Fox Valley bird watching

Jeff Long

owl COLORWe are all bird-watchers in some way. Even if you don’t carry a field guide and binoculars, you can’t help but notice the graceful, winged creatures that swirl around us.

And, if you’ve ever witnessed an Eastern Bluebird, it was certainly a memorable sighting – a brilliant flash of blue, contrasted by bright, glowing orange – much like the warm glow of the sun set against the cool, blue sky.

Once upon a time, these beautiful thrushes ranked among the most common songbirds in North America. Their snazzy looks and delightful calls created an aura of cheerfulness amid the many open spaces, farm fields, meadows, savannas and roadsides.

But in the mid-1900s, their populations began declining at alarming rates – dropping nearly 90 percent from their original numbers by 1980. Loss of habitat was the primary culprit. As urban sprawl continued to engulf the natural landscape, strip malls and subdivisions overtook the areas where bluebirds nested.

There is a silver lining to this story, however, and the Fox Valley Park District is proud to be contributing to a new, happy chapter that is helping bring back bluebird populations through habitat restoration efforts that enhance species conservation.

With the valuable help of community volunteers, the FVPD has instituted a Bluebird Boxes Monitoring Program to help facilitate the recovery of bluebird populations and increase their presence in our parks and public places.

While still in its infancy, the program is expanding and is in need of additional volunteers to monitor, maintain and collect data on bluebird nest boxes at specific sites.

Bluebirds are “cavity nesters” exclusively, meaning they are incapable of excavating their own nesting sites. Therefore, they rely on cavities created by woodpeckers or other boring insects, rotted out tree stumps, old fence posts, and other similar structures.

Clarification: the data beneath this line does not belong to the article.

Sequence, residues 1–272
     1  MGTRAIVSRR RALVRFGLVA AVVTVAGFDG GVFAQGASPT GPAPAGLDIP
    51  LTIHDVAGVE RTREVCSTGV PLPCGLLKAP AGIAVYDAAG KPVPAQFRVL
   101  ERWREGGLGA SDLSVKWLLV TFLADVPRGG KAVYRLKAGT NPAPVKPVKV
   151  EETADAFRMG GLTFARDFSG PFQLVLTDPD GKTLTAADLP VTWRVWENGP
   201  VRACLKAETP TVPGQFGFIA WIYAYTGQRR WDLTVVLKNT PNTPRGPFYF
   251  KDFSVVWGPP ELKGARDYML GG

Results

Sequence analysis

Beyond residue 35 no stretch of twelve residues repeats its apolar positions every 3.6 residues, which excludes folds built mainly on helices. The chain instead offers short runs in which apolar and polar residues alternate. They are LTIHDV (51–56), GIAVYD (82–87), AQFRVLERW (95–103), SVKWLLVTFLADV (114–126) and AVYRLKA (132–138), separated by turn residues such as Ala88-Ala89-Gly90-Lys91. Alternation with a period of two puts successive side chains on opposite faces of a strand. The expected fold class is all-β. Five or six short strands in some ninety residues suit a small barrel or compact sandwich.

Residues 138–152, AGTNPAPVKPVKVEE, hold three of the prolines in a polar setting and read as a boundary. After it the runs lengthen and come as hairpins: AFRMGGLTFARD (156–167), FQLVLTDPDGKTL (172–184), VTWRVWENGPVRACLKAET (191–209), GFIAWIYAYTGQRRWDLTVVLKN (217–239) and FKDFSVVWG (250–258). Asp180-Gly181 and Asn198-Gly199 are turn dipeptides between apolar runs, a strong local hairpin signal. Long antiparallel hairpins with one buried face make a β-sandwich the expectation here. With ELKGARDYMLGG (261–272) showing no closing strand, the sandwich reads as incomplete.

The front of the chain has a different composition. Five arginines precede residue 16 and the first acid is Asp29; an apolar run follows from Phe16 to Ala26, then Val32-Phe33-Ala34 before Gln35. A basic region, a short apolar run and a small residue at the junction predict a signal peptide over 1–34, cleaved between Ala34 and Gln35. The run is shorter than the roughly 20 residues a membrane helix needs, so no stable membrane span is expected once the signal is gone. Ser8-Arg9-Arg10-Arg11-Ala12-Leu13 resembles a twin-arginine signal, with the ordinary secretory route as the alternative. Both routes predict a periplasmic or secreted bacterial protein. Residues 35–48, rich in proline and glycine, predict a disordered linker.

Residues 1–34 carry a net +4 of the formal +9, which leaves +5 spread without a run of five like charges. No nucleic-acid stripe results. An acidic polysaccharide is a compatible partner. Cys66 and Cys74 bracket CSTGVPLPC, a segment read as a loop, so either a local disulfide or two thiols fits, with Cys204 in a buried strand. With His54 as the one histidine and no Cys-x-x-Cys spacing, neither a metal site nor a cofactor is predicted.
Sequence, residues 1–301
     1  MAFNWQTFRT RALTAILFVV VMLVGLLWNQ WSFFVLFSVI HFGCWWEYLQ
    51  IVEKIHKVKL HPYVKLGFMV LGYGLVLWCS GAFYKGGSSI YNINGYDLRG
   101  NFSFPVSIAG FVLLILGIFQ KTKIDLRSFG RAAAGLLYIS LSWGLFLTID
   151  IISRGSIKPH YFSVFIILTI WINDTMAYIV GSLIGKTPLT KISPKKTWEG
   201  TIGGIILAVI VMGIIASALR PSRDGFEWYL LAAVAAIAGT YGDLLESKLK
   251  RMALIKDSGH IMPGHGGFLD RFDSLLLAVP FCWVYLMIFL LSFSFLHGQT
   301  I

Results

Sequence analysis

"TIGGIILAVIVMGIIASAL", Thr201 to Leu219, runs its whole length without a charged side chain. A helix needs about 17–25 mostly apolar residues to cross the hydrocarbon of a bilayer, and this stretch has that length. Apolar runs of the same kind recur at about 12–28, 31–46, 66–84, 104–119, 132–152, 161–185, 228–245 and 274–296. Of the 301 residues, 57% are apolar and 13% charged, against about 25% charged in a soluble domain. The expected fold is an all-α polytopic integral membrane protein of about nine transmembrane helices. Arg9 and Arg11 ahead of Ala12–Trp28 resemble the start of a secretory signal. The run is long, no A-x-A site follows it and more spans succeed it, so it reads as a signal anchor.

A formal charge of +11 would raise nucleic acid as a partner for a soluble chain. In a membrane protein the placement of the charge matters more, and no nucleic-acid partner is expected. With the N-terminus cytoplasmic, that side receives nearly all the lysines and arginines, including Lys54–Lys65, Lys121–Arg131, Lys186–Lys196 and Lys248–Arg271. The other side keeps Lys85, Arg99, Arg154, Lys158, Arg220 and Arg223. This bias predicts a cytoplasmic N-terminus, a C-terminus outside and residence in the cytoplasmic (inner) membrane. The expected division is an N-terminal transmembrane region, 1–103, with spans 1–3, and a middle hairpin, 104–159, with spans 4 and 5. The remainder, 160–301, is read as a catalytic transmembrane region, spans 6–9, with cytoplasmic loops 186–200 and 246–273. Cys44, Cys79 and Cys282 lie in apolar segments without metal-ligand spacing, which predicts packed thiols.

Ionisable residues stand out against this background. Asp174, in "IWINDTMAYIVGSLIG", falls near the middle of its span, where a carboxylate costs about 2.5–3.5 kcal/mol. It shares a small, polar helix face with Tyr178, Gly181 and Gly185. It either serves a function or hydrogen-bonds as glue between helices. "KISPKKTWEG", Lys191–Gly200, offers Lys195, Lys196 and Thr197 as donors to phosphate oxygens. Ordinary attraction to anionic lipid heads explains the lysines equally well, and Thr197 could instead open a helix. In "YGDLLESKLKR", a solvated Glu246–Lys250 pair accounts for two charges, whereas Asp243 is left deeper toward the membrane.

Nests are built with stems, twigs and feathers and are lined with fine grass. It makes for a cozy abode, but also one that’s attractive to predatory species such as sparrows and starlings, which take over bluebird nests and break the eggs.

In many ways, bluebird monitor volunteers are landlords and caretakers for the birds in that they provide a safe nesting situation. Through periodic checks, they observe the status of the nest to assure all is well and that predators and/or non-native species have not invaded.

“Volunteer monitors play an important role in helping us continue the amazing recovery of bluebird populations in our area,” said Natural Areas Specialist Cathy Daul. “Their stewardship will help us advance one of the greatest conservation success stories in recent history that is restoring bluebird populations to historic levels.”

The spring migration is under way as bluebirds have begun looking for nesting sites and mates. Upon building their nests, bluebirds typically produce three to four broods from May to July.

The Fox Valley Park District’s Natural Areas Department has monitoring opportunities at numerous sites. If you’d like to get involved, please contact Cathy Daul at 630-897-4261 or

And then, listen closely to those sweet, serenading sounds – those are the bluebirds thanking you.

Jeff Long is the public relations manager for the Fox Valley Park District.